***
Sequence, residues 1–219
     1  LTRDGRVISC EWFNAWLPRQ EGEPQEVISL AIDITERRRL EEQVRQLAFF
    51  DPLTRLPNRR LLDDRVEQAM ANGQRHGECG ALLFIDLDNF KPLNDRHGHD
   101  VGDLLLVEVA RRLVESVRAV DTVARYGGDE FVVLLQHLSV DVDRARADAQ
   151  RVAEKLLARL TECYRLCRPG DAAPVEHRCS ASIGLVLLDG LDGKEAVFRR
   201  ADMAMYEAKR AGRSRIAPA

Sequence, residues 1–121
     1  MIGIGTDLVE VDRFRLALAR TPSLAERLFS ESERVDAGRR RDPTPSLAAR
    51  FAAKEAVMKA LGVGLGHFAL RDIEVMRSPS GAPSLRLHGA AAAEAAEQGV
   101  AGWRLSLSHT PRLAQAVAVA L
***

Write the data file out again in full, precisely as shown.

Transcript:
Sequence, residues 1–219
     1  LTRDGRVISC EWFNAWLPRQ EGEPQEVISL AIDITERRRL EEQVRQLAFF
    51  DPLTRLPNRR LLDDRVEQAM ANGQRHGECG ALLFIDLDNF KPLNDRHGHD
   101  VGDLLLVEVA RRLVESVRAV DTVARYGGDE FVVLLQHLSV DVDRARADAQ
   151  RVAEKLLARL TECYRLCRPG DAAPVEHRCS ASIGLVLLDG LDGKEAVFRR
   201  ADMAMYEAKR AGRSRIAPA

Sequence, residues 1–121
     1  MIGIGTDLVE VDRFRLALAR TPSLAERLFS ESERVDAGRR RDPTPSLAAR
    51  FAAKEAVMKA LGVGLGHFAL RDIEVMRSPS GAPSLRLHGA AAAEAAEQGV
   101  AGWRLSLSHT PRLAQAVAVA L